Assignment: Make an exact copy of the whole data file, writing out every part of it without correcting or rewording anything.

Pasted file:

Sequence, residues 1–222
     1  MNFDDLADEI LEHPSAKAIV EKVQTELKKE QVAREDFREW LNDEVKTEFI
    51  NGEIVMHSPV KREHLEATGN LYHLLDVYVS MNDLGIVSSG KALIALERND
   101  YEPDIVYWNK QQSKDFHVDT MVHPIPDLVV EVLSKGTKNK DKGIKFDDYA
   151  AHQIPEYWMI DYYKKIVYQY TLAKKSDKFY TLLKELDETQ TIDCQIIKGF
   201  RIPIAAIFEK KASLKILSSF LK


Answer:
Sequence, residues 1–222
     1  MNFDDLADEI LEHPSAKAIV EKVQTELKKE QVAREDFREW LNDEVKTEFI
    51  NGEIVMHSPV KREHLEATGN LYHLLDVYVS MNDLGIVSSG KALIALERND
   101  YEPDIVYWNK QQSKDFHVDT MVHPIPDLVV EVLSKGTKNK DKGIKFDDYA
   151  AHQIPEYWMI DYYKKIVYQY TLAKKSDKFY TLLKELDETQ TIDCQIIKGF
   201  RIPIAAIFEK KASLKILSSF LK